Animalia > Chordata > Aves > Passeriformes > Sylviidae > Sylvia > Sylvia atricapilla
 

Sylvia atricapilla (Eurasian Blackcap)

Wikipedia Abstract

The Eurasian blackcap (Sylvia atricapilla) usually known simply as the blackcap, is a common and widespread typical warbler. It has mainly olive-grey upperparts and pale grey underparts, and differences between the five subspecies are small. Both sexes have a neat coloured cap to the head, black in the male and reddish-brown in the female. The male's typical song is a rich musical warbling, often ending in a loud high-pitched crescendo, but a simpler song is given in some isolated areas, such as valleys in the Alps. The blackcap's closest relative is the garden warbler, which looks quite different but has a similar song.
View Wikipedia Record: Sylvia atricapilla

Infraspecies

EDGE Analysis

Uniqueness Scale: Similiar (0) 
5
 Unique (100)
Uniqueness & Vulnerability Scale: Similiar & Secure (0) 
26
 Unique & Vulnerable (100)
ED Score: 10.7839
EDGE Score: 2.46673

Attributes

Adult Weight [1]  17 grams
Birth Weight [2]  2.2 grams
Diet [3]  Carnivore (Invertebrates), Frugivore, Nectarivore, Granivore
Diet - Fruit [3]  30 %
Diet - Invertibrates [3]  50 %
Diet - Nectar [3]  10 %
Diet - Seeds [3]  10 %
Forages - Mid-High [3]  100 %
Female Maturity [1]  1 year
Male Maturity [1]  1 year
Clutch Size [5]  5
Incubation [4]  13 days
Maximum Longevity [1]  12 years
Migration [6]  Intercontinental
Wing Span [4]  9 inches (.22 m)

Ecoregions

Protected Areas

+ Click for partial list (100)Full list (497)

Ecosystems

Important Bird Areas

Biodiversity Hotspots

Prey / Diet

Prey / Diet Overlap

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Providers

Shelter 
Rosa canina (Dog Rose)[7]

Consumers

Institutions (Zoos, etc.)

    Maps
Institution Infraspecies / Breed 
Alpenzoo Innsbruck - Tirol
Wilhelma Zoo
Zoo Dresden GmbH
Zoologická a botanická zahrada Plzen
Zoologischer Garten Augsburg GmbH

Distribution

External References

Photos

Citations

Attributes / relations provided by
1de Magalhaes, J. P., and Costa, J. (2009) A database of vertebrate longevity records and their relation to other life-history traits. Journal of Evolutionary Biology 22(8):1770-1774
2Terje Lislevand, Jordi Figuerola, and Tamás Székely. 2007. Avian body sizes in relation to fecundity, mating system, display behavior, and resource sharing. Ecology 88:1605
3Hamish Wilman, Jonathan Belmaker, Jennifer Simpson, Carolina de la Rosa, Marcelo M. Rivadeneira, and Walter Jetz. 2014. EltonTraits 1.0: Species-level foraging attributes of the world's birds and mammals. Ecology 95:2027
4British Trust for Ornithology
5Jetz W, Sekercioglu CH, Böhning-Gaese K (2008) The Worldwide Variation in Avian Clutch Size across Species and Space PLoS Biol 6(12): e303. doi:10.1371/journal.pbio.0060303
6Myers, P., R. Espinosa, C. S. Parr, T. Jones, G. S. Hammond, and T. A. Dewey. 2006. The Animal Diversity Web (online). Accessed February 01, 2010 at animaldiversity.org
7Ecology of Commanster
8Specialization and interaction strength in a tropical plant-frugivore network differ among forest strata, Matthias Schleuning, Nico Blüthgen, Martina Flörchinger, Julius Braun, H. Martin Schaefer, and Katrin Böhning-Gaese, Ecology, in press.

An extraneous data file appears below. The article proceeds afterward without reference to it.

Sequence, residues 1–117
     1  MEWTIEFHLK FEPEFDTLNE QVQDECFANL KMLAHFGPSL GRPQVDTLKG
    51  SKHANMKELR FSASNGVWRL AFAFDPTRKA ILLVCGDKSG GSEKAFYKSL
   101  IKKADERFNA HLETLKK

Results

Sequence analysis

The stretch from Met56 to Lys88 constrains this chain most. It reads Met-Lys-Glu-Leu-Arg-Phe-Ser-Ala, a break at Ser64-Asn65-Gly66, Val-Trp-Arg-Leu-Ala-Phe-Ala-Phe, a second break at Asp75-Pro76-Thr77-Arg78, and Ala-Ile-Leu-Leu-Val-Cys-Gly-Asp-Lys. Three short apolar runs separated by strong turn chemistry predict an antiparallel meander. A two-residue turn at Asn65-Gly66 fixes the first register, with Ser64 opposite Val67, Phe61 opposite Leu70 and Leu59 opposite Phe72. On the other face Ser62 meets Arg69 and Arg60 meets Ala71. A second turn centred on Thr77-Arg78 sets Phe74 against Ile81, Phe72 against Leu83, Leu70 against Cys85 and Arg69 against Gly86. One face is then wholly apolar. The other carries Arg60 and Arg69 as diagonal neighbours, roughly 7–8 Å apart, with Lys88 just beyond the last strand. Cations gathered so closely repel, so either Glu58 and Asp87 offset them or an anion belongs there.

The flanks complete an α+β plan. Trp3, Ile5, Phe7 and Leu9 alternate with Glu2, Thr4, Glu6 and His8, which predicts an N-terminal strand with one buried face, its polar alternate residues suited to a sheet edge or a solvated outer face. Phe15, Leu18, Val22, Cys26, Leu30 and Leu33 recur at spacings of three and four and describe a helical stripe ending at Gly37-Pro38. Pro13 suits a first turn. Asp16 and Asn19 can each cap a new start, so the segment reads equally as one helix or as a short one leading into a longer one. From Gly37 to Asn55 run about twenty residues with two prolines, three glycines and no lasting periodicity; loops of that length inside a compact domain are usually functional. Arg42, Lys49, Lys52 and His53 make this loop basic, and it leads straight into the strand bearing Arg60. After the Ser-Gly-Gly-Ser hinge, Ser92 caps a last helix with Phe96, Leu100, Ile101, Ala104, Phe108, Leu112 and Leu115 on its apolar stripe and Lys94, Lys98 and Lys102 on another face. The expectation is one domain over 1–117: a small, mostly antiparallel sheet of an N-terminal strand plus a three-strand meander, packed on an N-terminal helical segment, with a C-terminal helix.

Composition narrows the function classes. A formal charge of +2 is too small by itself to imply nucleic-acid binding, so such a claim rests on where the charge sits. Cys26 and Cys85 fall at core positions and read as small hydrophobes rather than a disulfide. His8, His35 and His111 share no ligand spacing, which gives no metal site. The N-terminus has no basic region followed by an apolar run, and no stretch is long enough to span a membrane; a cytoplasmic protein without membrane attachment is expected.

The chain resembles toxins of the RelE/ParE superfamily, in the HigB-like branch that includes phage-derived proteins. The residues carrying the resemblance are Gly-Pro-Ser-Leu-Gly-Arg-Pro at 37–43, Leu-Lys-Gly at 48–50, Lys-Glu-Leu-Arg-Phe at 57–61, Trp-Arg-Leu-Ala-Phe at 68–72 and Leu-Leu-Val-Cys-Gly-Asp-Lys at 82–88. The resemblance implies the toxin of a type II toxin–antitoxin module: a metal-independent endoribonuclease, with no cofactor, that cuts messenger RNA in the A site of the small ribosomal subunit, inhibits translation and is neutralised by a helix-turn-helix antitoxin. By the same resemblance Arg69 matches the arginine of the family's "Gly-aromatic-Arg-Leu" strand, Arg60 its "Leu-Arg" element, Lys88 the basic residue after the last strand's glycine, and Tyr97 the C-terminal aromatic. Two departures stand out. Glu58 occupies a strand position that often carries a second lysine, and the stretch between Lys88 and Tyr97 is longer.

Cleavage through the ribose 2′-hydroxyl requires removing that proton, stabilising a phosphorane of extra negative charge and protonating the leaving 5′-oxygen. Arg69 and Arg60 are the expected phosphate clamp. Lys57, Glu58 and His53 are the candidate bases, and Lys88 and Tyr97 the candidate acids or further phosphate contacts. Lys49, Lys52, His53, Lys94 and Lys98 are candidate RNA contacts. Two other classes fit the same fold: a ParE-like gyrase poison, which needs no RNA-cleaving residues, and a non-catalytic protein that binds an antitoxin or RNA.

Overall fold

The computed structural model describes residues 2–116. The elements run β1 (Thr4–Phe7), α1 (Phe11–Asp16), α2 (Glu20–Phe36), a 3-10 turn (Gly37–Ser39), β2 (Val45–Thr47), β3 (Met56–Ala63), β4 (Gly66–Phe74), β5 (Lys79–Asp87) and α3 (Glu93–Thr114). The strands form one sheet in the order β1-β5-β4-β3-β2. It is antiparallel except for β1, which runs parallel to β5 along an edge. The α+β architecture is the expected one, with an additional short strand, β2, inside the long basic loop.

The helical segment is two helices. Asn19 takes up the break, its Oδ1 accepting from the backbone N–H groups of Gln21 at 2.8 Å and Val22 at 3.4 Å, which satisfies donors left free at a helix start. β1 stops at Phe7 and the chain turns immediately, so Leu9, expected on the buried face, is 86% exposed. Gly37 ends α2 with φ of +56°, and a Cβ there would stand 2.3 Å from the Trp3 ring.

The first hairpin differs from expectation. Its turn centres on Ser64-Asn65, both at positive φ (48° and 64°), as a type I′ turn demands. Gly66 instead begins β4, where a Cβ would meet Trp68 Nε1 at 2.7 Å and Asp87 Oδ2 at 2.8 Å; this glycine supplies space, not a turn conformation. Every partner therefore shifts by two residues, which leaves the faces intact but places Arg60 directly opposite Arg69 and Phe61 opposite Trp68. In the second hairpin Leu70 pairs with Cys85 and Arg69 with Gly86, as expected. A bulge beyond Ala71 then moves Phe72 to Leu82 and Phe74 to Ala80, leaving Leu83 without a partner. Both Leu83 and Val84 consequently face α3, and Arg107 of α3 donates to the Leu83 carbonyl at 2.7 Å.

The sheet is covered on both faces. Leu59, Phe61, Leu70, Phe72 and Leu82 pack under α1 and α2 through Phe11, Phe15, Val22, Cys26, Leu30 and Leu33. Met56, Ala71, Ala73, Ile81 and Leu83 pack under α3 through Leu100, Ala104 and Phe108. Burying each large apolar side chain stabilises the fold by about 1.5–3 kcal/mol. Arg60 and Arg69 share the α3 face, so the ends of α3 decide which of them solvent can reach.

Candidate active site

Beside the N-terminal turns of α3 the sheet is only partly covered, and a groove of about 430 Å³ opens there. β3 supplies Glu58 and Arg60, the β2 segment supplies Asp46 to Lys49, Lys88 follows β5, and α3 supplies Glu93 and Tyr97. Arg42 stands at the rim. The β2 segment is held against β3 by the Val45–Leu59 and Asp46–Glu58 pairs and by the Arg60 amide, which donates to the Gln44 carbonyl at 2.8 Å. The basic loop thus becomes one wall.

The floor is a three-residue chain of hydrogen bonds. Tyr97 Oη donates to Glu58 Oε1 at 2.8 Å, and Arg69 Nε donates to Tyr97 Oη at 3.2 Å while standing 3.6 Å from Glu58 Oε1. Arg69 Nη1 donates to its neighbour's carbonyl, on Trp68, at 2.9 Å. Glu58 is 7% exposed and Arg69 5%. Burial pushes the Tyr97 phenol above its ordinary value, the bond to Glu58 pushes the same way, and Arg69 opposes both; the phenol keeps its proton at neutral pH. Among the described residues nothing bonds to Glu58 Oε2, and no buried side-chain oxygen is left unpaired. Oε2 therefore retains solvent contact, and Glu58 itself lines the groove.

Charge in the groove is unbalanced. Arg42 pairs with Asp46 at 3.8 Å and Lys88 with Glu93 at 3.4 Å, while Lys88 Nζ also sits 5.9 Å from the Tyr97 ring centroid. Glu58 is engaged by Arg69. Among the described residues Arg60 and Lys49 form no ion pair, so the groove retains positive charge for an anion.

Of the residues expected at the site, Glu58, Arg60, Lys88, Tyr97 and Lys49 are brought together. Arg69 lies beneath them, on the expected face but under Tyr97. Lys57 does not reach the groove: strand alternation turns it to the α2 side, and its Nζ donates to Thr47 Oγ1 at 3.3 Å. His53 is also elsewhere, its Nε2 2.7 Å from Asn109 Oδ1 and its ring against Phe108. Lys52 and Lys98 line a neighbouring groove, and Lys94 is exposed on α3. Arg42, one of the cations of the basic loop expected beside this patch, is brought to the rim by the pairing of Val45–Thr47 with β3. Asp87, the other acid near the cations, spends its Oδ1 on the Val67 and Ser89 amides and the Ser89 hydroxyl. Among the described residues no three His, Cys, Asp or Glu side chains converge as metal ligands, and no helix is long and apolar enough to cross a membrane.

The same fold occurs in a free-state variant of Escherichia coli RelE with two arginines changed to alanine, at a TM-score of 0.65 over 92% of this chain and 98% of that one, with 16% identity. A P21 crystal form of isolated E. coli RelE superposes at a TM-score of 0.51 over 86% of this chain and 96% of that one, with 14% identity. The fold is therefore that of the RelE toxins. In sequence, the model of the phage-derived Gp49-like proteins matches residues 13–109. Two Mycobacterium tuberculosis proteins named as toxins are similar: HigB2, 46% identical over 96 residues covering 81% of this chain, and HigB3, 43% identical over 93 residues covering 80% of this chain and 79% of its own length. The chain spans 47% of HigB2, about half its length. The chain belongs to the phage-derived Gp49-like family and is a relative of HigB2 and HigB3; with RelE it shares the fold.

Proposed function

9A STUDY OF AVIAN FRUGIVORES, BIRD-DISPERSED PLANTS, AND THElR INTERACTION IN MEDITERRANEAN SCRUBLANDS, CARLOS M. HERRERA, Ecological Monographs, 54(1), 1984, pp. 1-23
10DIET, FRUIT CHOICE AND VARIATION IN BODY CONDITION OF FRUGIVOROUS WARBLERS IN MEDITERRANEAN SCRUBLAND, PEDRO JORDANO, Ardea 76 (1988): 193-209
11Birds and berries: a study of an ecological interaction. Calton, Great Britain, Snow B.K., Snow D.W., 1988, T & AD Poyser. 268 p.
12Jorrit H. Poelen, James D. Simons and Chris J. Mungall. (2014). Global Biotic Interactions: An open infrastructure to share and analyze species-interaction datasets. Ecological Informatics.
13VARIATIONS IN SPINDLE EUONYMUS EUROPAEUS CONSUMPTION BY FRUGIVOROUS BIRDS DURING THE FRUITING SEASON, Ángel HERNÁNDEZ, Ardeola 50(2), 2003, 171-180
14Recruitment of a Mast-Fruiting, Bird-Dispersed Tree: Bridging Frugivore Activity and Seedling Establishment, Carlos M. Herrera, Pedro Jordano, Luis López-Soria, Juan A. Amat, Ecological Monographs, 64(3), 1994, pp. 315-344
15Prunus mahaleb and Birds: The High-Efficiency Seed Dispersal System of a Temperate Fruiting Tree, Carlos M. Herrera and Pedro Jordano, Ecological Monographs Vol. 51, No. 2 (Jun., 1981), pp. 203-218
16Exclusive frugivory and seed dispersal of Rhamnus alaternus in the bird breeding season, Josep M. Bas, Pere Pons and Crisanto Gómez, Plant Ecology (2005)
17Gibson, D. I., Bray, R. A., & Harris, E. A. (Compilers) (2005). Host-Parasite Database of the Natural History Museum, London
Ecoregions provided by World Wide Fund For Nature (WWF). WildFinder: Online database of species distributions, ver. 01.06 WWF WildFINDER
Protected Areas provided by Natura 2000, UK data: © Crown copyright and database right [2010] All rights reserved. Ordnance Survey Licence number 100017955
Biological Inventories of the World's Protected Areas in cooperation between the Information Center for the Environment at the University of California, Davis and numerous collaborators.
GBIF Global Biodiversity Information Facility
Biodiversity Hotspots provided by Critical Ecosystem Partnership Fund
Abstract provided by DBpedia licensed under a Creative Commons License